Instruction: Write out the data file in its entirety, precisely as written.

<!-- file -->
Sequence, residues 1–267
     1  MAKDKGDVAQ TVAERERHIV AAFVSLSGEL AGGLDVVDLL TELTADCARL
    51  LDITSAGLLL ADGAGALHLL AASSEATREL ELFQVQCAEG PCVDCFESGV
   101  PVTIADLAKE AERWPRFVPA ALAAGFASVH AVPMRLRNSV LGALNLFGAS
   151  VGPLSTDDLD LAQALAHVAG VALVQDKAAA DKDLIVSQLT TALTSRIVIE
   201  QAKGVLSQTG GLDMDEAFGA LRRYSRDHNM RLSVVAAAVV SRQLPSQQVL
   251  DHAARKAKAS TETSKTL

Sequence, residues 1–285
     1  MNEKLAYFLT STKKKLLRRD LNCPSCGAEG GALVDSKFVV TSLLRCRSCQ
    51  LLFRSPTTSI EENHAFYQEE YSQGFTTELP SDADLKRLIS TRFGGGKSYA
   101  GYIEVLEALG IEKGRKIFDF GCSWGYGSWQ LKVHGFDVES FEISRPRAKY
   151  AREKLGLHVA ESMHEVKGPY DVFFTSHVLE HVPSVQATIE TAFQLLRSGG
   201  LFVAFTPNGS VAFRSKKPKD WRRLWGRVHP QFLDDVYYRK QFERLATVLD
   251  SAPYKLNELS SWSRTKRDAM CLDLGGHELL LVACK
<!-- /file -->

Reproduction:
Sequence, residues 1–267
     1  MAKDKGDVAQ TVAERERHIV AAFVSLSGEL AGGLDVVDLL TELTADCARL
    51  LDITSAGLLL ADGAGALHLL AASSEATREL ELFQVQCAEG PCVDCFESGV
   101  PVTIADLAKE AERWPRFVPA ALAAGFASVH AVPMRLRNSV LGALNLFGAS
   151  VGPLSTDDLD LAQALAHVAG VALVQDKAAA DKDLIVSQLT TALTSRIVIE
   201  QAKGVLSQTG GLDMDEAFGA LRRYSRDHNM RLSVVAAAVV SRQLPSQQVL
   251  DHAARKAKAS TETSKTL

Sequence, residues 1–285
     1  MNEKLAYFLT STKKKLLRRD LNCPSCGAEG GALVDSKFVV TSLLRCRSCQ
    51  LLFRSPTTSI EENHAFYQEE YSQGFTTELP SDADLKRLIS TRFGGGKSYA
   101  GYIEVLEALG IEKGRKIFDF GCSWGYGSWQ LKVHGFDVES FEISRPRAKY
   151  AREKLGLHVA ESMHEVKGPY DVFFTSHVLE HVPSVQATIE TAFQLLRSGG
   201  LFVAFTPNGS VAFRSKKPKD WRRLWGRVHP QFLDDVYYRK QFERLATVLD
   251  SAPYKLNELS SWSRTKRDAM CLDLGGHELL LVACK